So here's what I think we should do: make New Year's Resolutions in the fall
-- like, say, around the Jewish New Year, or around the autumnal equinox
(which, before the Georgian calendar messed everyone up, was when the
Assyrians, Egyptians, Phoenicians, and Persians sang Auld Lang Syne). That's
when everyone's actually feeling pretty jaunty, right? The weather's no longer
sweltering, apples make great snacks, new classes mean new crushes, we're
finally about to find out how on earth Mulder and Scully are going to get out
of this one, and, everywhere you look, there are adorable little gourds
and excellent sales on school supplies.
Now that's a good time to make some serious plans.
So I'm off the hook for now. But it never hurts to plan ahead -- so, while
we're on the subject, here's how BG will pave the road to hell, come fall.
- I resolve never to call a guy to tell him I'm not talking to him.
- I resolve never to hook up with anyone whom I will later identify not by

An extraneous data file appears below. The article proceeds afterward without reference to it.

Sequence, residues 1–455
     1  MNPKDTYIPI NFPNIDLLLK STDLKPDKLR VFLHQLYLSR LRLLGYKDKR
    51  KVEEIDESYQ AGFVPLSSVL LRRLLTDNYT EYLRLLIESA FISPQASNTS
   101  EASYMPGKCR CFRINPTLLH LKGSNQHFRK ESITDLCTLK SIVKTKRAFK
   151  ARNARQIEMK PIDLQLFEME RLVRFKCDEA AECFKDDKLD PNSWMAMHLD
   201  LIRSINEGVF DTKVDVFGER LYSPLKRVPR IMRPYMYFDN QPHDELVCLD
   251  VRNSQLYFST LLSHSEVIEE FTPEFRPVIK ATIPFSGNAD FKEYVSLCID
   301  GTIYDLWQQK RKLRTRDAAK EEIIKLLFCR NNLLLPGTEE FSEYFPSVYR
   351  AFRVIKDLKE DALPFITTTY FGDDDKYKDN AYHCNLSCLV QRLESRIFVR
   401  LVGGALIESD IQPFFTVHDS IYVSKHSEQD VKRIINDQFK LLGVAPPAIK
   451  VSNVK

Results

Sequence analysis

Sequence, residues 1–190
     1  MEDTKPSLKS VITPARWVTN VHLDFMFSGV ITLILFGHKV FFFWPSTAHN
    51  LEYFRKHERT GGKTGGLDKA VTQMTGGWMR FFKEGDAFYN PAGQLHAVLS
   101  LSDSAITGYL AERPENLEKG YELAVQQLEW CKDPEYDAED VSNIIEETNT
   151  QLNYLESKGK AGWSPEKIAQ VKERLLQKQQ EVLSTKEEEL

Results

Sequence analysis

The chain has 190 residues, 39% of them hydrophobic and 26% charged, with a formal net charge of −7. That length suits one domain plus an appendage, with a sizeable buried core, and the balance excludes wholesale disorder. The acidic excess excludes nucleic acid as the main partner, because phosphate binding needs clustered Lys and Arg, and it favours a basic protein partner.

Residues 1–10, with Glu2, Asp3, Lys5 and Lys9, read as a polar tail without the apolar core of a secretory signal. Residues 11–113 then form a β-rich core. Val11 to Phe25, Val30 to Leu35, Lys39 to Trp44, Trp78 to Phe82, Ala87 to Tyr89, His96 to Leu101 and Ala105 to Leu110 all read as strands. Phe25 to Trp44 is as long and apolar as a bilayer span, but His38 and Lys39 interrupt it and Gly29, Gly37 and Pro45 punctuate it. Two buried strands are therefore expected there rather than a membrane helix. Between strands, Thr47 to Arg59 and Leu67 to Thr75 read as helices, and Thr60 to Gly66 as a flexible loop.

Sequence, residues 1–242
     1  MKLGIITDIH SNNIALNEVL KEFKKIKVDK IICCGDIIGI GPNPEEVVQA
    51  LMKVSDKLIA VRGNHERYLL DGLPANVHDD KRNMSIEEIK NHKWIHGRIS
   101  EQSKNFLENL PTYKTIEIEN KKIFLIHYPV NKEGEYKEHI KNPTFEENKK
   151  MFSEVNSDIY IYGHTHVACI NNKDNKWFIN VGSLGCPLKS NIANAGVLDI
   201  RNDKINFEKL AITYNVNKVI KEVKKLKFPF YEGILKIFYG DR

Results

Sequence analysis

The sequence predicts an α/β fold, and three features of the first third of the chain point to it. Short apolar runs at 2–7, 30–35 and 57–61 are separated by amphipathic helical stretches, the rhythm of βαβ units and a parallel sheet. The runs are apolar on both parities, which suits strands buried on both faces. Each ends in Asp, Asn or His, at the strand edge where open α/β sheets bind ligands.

name, but by some other characteristic (eg "Renaissance Faire Man").
- I will go to the trouble of making risotto only for suitors who can
distinguish it from "rice."
- I resolve that all gifts will
reflect his taste, not my agenda, even though there's a dope new DVD version
of The Beauty Myth.
- Resolved: I'm way too old to leave my contacts in
shot glasses on someone's speakers.
- If I call a guy and he does not
call me back, I resolve never, ever, EVER to wonder if I should have followed
- God grant me the
serenity to accept the fact that a decent latte will cost me $4.
- I will
recalibrate my standards. Note to self: "He's ... normal!"
is a given, not a plus.
- 1999 will be the year that I use The Pill to
control birth, not zits.
While I'm at it, here are some resolutions
CERTAIN OTHER PEOPLE need to make:
- My wedding shower will not
have a "theme."
- I will not ask Breakup Girl for her cute
friend's phone number unless I have already confirmed that one of said
friend's friends has recently asked for Breakup Girl's.
- I will not ask
Breakup Girl how come someone "so terrific" does not have a date